But observe specially his manner when he wakes. It is as if the great commotion round him had been only a hymn lulling his slumber. He is not flurried or startled by the tumult, shows no sign of confusion, or alarm. If he sleeps, a man, he wakes, a God. You can almost see by his waking, that his dreams have been thoughts pure and mighty, coasting round the horrors of a guilty wrath-stricken world on errands of love and peace. Indeed if it has ever occurred to you to wish that you could once look in upon the sleep of Jesus, and distinguish accurately the dream-state of his thought, even this you may sufficiently guess from the 152 manner of his waking. How majestic the tranquillity of it. The tempest roaring, the men screaming, the vessel just ready to go under—and yet, if his waking were the sunrise, it would not be less disturbed, or less flurried by excitement. Could any thing make it more certain that his sleeping mind has been flowing serenely, steadied and evened by a mighty peace. Internal purity, order, and harmony have been the paradise plainly of his rest. In all the wild confusion of the night and the sea without, his self-approving mind has been sleeping, as it were, in a chiming of sweet melodies. Thoughts vast, mysterious, merciful and holy, have been coursing through his unconscious humanity, as recollections, or recurrences of habit, from his august and supremely good eternity; so that when he wakes, at the cry of his disciples, it is only to say, “peace,” to the raging elements, from that transcendent peace that was bathing his spirit within. It was no such waking as the bad and guilty mind, haunted all night by spectres, pursued by murderers, dropping into pitfalls, throttled by serpents round the neck, crushed by weights on the breast, scared by night-mare shapes in the air—it was out of no such element of guilt, or dyspeptic torment that Jesus waked. A sleep thus exercised prepares to fear and the wildness of panic—if the house be on fire, to leap into the fire, if the ship be sinking, to leap into the waters. A good pure mind sleeps goodness and purity, and wakes in peace; a bad sleeps painfully, conversing with internal horrors, ready, when it wakes, to meet the images it has seen. 153 Probably the sleep of a holy mind is even more distinct from that of a bad, than its waking state is, because, in sleep, the thoughts run just as the internal habit makes them; the superintending will-power that musters, and drills, and artificially shapes them, when awake, being now suspended. Hence the profound philosophy as well as the beauty of the poet’s prayer—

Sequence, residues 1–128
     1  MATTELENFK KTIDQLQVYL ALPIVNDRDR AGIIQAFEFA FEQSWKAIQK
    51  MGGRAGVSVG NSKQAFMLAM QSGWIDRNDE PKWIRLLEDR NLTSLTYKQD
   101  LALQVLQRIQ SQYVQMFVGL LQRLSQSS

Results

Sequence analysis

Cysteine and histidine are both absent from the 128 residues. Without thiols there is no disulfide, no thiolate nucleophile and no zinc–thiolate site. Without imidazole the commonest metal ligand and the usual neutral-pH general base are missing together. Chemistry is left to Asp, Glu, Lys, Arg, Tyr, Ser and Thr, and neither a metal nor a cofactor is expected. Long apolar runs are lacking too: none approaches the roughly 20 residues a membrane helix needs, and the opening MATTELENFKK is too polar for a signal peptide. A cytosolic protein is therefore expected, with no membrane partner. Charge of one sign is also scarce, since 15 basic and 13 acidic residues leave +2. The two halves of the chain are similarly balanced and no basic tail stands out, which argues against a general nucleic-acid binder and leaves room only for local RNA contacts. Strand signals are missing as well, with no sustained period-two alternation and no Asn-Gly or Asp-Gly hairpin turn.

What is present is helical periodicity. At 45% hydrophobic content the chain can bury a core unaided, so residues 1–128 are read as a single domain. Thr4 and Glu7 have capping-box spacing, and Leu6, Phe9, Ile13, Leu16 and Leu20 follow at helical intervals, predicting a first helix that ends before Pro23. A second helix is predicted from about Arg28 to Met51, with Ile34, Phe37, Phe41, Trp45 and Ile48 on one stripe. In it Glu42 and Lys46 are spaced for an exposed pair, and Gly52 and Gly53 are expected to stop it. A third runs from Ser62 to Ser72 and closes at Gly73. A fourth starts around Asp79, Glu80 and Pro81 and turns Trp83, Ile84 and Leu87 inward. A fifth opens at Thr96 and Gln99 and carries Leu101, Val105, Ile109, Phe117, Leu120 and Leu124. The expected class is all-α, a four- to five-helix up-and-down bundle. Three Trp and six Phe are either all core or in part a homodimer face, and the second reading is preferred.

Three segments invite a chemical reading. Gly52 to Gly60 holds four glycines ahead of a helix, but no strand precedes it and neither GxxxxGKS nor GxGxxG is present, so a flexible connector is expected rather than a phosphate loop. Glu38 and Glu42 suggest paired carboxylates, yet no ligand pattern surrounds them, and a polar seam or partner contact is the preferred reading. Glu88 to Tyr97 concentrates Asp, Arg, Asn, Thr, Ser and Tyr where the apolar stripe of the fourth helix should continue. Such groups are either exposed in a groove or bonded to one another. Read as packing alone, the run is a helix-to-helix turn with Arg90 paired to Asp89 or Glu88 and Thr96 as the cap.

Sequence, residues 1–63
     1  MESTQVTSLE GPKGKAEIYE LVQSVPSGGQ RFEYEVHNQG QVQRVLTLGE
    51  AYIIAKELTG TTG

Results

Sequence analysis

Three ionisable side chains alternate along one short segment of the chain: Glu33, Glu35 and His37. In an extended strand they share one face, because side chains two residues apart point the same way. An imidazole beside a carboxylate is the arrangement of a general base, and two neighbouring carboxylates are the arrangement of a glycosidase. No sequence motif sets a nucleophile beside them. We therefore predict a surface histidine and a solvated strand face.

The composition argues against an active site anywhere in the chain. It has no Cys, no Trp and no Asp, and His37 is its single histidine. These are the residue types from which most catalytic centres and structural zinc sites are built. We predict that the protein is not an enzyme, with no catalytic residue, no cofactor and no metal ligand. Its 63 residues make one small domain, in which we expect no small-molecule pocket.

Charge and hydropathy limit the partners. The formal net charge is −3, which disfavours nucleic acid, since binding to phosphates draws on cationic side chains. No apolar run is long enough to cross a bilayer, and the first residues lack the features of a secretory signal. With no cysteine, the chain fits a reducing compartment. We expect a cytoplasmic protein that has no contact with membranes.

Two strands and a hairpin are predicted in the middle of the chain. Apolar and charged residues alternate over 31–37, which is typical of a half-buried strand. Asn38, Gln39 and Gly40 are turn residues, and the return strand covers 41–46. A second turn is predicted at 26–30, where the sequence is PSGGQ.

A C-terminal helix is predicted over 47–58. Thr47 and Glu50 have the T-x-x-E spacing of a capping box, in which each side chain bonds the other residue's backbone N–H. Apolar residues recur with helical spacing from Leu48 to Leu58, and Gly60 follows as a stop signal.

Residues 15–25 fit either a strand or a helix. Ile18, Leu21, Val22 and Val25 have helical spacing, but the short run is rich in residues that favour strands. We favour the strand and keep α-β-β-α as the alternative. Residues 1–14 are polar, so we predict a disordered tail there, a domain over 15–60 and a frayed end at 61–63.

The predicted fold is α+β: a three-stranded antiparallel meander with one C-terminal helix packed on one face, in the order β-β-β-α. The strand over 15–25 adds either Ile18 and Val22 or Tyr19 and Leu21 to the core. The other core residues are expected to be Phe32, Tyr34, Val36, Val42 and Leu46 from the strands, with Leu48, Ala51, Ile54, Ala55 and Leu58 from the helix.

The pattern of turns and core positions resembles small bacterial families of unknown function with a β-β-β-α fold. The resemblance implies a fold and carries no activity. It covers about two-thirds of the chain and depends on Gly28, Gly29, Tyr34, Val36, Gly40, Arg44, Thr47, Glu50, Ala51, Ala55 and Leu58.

“Be thine the sleep that throws
Elysium o’er the soul’s repose,
Without a dream, save such as wind,
Like midnight angels, through the mind.”